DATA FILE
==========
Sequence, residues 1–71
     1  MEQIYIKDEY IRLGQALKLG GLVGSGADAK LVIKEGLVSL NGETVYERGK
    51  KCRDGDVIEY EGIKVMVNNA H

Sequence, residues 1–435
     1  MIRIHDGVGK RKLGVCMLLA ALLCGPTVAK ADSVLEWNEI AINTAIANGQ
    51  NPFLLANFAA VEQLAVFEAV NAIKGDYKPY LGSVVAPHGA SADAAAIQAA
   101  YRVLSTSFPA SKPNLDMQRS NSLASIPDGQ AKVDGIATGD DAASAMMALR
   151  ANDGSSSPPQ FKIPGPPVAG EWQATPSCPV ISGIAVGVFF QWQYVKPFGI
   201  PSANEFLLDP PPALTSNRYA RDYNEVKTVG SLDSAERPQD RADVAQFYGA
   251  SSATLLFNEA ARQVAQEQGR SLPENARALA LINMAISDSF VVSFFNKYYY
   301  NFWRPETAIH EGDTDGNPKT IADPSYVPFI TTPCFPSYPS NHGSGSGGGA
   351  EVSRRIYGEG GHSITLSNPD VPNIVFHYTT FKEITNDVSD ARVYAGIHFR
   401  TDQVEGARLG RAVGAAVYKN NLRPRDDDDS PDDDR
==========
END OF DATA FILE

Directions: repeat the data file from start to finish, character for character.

Sequence, residues 1–71
     1  MEQIYIKDEY IRLGQALKLG GLVGSGADAK LVIKEGLVSL NGETVYERGK
    51  KCRDGDVIEY EGIKVMVNNA H

Sequence, residues 1–435
     1  MIRIHDGVGK RKLGVCMLLA ALLCGPTVAK ADSVLEWNEI AINTAIANGQ
    51  NPFLLANFAA VEQLAVFEAV NAIKGDYKPY LGSVVAPHGA SADAAAIQAA
   101  YRVLSTSFPA SKPNLDMQRS NSLASIPDGQ AKVDGIATGD DAASAMMALR
   151  ANDGSSSPPQ FKIPGPPVAG EWQATPSCPV ISGIAVGVFF QWQYVKPFGI
   201  PSANEFLLDP PPALTSNRYA RDYNEVKTVG SLDSAERPQD RADVAQFYGA
   251  SSATLLFNEA ARQVAQEQGR SLPENARALA LINMAISDSF VVSFFNKYYY
   301  NFWRPETAIH EGDTDGNPKT IADPSYVPFI TTPCFPSYPS NHGSGSGGGA
   351  EVSRRIYGEG GHSITLSNPD VPNIVFHYTT FKEITNDVSD ARVYAGIHFR
   401  TDQVEGARLG RAVGAAVYKN NLRPRDDDDS PDDDR